Thomas Hoving was director of the Metropolitan Museum of Art in New York from 1967 to 1977, where he initiated a revolution in one of the world’s richest and most incredible museums.
Under Hoving, the Met acquired international masterpieces and large private collections, its building underwent an ambitious reconstruction, and the museum began exhibiting contemporary artists and offering blockbuster exhibitions, including a survey show on Russian costume from the collections of Soviet museums.
In his own words, to lead the museum to such success, Hoving had to be “part gunslinger, ward heeler, legal fixer, accomplice smuggler, anarchist, and toady,” so that eventually, “[t]he Met, once an elitist, stiff, gray, and slightly moribund entity, came alive. The mummies did dance.”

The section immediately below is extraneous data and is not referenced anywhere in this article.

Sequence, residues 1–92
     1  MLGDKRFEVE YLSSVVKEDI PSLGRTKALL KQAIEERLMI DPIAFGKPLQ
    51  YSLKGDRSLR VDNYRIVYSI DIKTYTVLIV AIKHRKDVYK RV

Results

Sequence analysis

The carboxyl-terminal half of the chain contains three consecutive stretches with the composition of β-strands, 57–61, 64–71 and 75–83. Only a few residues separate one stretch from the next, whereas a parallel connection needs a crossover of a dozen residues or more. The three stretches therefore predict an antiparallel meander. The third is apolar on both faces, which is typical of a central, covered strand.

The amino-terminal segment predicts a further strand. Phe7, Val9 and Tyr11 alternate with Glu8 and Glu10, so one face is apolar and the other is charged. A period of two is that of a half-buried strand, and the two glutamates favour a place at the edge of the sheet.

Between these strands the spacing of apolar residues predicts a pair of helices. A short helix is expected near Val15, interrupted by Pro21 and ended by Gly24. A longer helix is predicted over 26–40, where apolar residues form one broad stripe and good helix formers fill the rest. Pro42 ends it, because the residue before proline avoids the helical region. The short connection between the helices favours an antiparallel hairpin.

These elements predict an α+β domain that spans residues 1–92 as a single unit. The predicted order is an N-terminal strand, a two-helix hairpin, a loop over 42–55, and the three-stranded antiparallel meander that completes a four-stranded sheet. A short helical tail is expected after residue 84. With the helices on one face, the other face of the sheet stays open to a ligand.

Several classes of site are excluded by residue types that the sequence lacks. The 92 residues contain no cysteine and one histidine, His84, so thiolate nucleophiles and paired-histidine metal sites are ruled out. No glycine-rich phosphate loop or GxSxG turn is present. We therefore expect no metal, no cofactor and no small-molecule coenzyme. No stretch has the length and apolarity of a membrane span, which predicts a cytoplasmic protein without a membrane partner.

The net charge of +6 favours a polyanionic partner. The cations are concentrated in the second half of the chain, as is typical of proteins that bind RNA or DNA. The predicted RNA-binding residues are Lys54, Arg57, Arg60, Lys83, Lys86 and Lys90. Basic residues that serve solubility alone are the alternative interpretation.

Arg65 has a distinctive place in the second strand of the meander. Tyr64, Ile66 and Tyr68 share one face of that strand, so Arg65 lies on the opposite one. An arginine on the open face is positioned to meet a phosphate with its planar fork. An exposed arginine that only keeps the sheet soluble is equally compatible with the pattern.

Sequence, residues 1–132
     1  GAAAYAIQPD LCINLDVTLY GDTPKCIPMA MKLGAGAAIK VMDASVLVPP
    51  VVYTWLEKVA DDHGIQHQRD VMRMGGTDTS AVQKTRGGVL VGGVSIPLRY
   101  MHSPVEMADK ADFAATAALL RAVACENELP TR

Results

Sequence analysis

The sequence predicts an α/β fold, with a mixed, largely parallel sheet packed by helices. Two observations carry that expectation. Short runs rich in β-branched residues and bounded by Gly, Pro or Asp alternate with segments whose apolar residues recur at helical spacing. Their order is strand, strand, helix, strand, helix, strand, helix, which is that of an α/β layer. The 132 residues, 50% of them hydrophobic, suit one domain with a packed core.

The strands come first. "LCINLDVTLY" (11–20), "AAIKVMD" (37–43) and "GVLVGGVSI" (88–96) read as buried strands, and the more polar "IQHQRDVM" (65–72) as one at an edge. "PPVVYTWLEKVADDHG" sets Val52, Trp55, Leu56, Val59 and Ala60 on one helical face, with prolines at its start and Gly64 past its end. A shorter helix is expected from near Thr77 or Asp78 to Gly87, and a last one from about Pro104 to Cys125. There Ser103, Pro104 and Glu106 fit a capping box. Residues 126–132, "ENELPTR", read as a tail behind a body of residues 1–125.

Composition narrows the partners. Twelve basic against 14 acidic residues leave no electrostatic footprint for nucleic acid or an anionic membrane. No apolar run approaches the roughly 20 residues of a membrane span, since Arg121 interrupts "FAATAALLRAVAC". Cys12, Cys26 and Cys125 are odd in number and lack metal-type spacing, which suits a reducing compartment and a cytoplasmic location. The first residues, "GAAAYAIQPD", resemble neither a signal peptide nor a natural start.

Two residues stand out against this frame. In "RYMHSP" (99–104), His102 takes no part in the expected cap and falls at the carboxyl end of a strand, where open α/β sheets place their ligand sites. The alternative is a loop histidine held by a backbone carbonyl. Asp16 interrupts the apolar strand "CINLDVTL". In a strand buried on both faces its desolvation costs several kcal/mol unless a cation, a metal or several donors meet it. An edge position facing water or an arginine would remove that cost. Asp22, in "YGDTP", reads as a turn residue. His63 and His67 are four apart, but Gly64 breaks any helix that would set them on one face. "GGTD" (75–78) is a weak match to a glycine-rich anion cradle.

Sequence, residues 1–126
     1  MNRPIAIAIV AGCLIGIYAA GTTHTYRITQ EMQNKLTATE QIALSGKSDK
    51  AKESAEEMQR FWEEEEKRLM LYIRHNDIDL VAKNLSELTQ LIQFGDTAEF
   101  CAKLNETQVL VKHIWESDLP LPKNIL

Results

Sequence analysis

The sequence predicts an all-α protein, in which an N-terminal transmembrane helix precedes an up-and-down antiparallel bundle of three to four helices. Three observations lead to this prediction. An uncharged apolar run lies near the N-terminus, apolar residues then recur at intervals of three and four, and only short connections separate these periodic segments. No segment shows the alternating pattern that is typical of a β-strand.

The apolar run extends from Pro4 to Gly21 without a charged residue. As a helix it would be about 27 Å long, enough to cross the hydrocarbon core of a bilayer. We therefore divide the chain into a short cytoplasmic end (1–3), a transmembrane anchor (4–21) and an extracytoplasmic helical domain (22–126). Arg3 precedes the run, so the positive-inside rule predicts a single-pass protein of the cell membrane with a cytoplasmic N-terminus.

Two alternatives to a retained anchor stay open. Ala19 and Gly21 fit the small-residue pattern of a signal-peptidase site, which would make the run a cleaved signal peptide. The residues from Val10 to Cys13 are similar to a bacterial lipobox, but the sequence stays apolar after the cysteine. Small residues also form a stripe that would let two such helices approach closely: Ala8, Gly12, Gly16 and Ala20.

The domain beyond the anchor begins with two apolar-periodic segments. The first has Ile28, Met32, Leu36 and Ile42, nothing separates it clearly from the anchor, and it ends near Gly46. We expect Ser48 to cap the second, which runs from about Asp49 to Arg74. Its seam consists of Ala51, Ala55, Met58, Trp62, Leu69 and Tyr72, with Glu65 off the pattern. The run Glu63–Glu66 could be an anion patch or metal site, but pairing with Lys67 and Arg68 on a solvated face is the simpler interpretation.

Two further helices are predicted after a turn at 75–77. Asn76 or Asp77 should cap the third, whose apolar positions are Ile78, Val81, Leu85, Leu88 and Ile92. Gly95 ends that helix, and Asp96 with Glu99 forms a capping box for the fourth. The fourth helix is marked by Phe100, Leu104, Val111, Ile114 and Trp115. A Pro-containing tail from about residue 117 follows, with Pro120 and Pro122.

This book is a captivating story of how a museum operates from the inside: about the development of Hoving's relationships with curators and conservators, collectors and trustees, as well as American elite of the 1960s and 1970s.
Making the Mummies Dance: Inside the Metropolitan Museum of Art is the second title in the new Directors’ Series of books by the leaders of the world's major museums.
This book is published with the support of Garage partner April Capital.